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Finance & Operations

How to Tackle Your Restaurant Website Design Like A Pro

by

Katie McCann

Your website is your restaurant’s virtual home. Your online welcome mat. How your website looks says a lot about the experience diners can expect at your restaurant.

If your restaurant serves incredible food, has beautiful decor, and provides exceptional service, but your website looks like it was put together without much thought, it might put off potential customers.

Thoughtful design and easy-to-find information are the keys to an amazing website that will get customers off the web and into your seats. In this comprehensive guide to restaurant website design, you’ll learn:

  • Why great web design is important for your restaurant
  • The recipe for a good restaurant website
  • Website design and UX tips for restaurants
  • How to build your restaurant’s website 
  • Examples of well-designed restaurant websites

Get online or get left behind!

The Importance of Your Restaurant’s Website 

Did you know that 59% of diners check out a restaurant’s online presence before deciding where to eat? 

The purpose of your restaurant’s website is to give potential customers the information they need to make a decision about your restaurant. This includes practical information, like location and wifi availability, and details on the dining experience, like the menu and photos of the restaurant’s interior.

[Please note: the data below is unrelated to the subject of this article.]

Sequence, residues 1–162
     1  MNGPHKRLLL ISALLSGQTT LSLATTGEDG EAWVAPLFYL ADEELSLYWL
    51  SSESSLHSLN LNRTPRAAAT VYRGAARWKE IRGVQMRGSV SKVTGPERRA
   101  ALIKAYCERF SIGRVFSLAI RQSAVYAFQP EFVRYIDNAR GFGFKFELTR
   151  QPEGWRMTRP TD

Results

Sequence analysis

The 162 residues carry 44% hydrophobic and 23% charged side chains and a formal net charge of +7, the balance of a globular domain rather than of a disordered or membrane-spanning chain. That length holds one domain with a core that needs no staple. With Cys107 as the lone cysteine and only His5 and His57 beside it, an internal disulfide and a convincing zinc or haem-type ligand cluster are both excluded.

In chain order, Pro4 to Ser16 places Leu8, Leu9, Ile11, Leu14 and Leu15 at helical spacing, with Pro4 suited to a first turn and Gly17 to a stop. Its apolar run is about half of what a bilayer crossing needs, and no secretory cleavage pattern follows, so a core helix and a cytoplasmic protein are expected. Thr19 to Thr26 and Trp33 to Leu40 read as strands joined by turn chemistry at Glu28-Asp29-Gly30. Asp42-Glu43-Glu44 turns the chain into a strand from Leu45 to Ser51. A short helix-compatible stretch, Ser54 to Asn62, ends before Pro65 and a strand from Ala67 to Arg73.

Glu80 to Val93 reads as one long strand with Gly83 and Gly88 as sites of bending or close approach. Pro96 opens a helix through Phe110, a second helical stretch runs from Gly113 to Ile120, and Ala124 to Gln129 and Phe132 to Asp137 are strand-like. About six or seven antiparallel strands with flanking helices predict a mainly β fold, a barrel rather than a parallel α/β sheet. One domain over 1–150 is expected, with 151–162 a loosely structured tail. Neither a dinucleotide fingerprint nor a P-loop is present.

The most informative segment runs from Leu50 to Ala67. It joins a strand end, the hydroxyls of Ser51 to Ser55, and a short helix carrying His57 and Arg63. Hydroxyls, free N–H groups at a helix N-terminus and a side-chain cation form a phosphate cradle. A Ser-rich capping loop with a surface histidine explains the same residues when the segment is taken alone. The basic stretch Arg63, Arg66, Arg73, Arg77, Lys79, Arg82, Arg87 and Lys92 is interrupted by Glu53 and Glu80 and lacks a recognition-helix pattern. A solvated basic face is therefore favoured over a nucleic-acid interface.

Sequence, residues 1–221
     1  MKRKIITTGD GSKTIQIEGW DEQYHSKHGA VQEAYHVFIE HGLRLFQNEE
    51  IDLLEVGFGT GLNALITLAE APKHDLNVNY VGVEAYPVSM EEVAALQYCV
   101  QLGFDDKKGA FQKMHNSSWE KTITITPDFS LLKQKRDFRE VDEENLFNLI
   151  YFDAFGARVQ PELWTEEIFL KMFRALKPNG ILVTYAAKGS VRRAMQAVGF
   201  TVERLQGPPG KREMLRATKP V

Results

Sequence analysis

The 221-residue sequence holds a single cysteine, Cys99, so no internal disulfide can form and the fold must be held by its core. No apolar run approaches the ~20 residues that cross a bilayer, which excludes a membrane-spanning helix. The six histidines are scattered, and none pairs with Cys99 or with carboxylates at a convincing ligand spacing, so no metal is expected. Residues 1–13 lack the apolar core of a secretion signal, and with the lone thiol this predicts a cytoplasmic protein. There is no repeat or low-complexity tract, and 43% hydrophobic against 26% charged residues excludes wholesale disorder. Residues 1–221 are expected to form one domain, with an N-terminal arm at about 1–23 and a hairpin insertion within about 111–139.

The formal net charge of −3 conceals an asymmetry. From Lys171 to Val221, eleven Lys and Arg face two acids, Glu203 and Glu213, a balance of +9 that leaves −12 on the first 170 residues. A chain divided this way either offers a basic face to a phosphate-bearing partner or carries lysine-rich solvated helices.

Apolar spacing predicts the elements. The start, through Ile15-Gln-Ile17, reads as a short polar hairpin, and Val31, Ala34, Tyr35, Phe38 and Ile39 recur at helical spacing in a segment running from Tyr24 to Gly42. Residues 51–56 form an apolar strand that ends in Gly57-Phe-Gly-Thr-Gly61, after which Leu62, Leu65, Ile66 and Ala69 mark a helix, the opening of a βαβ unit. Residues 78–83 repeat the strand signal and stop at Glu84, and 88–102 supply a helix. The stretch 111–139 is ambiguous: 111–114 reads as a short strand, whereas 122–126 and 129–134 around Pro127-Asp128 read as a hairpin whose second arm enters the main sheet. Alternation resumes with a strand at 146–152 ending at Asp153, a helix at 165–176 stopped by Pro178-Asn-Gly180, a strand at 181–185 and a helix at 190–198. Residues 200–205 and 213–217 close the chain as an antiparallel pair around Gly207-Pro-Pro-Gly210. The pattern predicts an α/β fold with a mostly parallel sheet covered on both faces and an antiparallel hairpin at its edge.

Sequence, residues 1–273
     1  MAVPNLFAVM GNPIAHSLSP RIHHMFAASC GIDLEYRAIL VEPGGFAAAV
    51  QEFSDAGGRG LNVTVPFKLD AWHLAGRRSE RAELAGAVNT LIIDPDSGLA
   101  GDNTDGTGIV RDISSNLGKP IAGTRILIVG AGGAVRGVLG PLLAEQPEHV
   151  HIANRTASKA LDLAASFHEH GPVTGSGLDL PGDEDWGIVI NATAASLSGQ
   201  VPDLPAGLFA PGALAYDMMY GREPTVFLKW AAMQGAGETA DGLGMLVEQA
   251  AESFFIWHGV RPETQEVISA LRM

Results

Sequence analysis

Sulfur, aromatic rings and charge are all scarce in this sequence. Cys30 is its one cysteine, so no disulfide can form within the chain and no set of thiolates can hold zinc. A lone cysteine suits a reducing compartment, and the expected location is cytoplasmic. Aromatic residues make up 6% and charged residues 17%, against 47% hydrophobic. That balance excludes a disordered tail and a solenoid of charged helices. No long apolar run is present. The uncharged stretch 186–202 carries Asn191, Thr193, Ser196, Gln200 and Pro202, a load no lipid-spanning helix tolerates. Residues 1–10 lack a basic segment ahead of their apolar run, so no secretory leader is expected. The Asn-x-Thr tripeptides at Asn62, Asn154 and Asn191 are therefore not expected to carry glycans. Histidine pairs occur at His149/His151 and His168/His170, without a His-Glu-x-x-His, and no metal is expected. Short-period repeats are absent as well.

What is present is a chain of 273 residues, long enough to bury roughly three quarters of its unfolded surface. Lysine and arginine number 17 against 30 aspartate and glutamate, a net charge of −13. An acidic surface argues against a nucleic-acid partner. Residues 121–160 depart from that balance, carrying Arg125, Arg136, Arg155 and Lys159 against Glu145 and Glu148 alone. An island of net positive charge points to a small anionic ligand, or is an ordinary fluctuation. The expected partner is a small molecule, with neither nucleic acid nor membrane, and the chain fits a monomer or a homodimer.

A restaurant’s website is an extension of the customer experience. If your site doesn’t reflect the level of care you put into the dining experience, you could scare away customers. 

Recipe for a Good Restaurant Website

When planning your website, make sure all the information your customers could be looking for about your restaurant is included and easily accessible. Here’s a checklist of some key items to include:

  • Contact information: Make sure your restaurant’s phone number is in an obvious place. If you also conducts business via email, include that on the site. 
  • Address: People can’t come dine with you if they don’t know where you are!
  • Hours: When are you open?
  • Menu: Since so many people check menus online before choosing a restaurant, publishing yours online is essential. If your restaurant’s menu changes often, you’ll need to update your website just as frequently.
  • Photos: Include high quality images of your food, drinks, and interior to help customers visualize your menu and picture themselves dining at your restaurant. 
  • About page: Create an “about” page to share your restaurant’s story and mission, and to create a connection with potential customers.
  • Online reservations: If you accept reservations online, embed a widget or link to your reservation platform right on the homepage.
  • Social media icons: Grow your social media following – and stay top of mind for your followers’ – by including icons that link to your restaurant’s social media accounts on your homepage. You can even embed your restaurant’s Instagram feed right to your homepage!
  • Online orders: Does your restaurant accept takeout orders online? Include a link to your GrubHub, Eat24, etc., page on your website to encourage orders.

Once you’ve gotten the basics down, consider including a few of these extras to take your website from good to amazing.

  • Newsletter sign up: Email marketing is one of the most effective digital marketing methods. Encourage people to sign up for your restaurant’s newsletter by embedding a sign-up widget on your page. Offer new subscribers an exclusive offer or discount to make the deal even sweeter.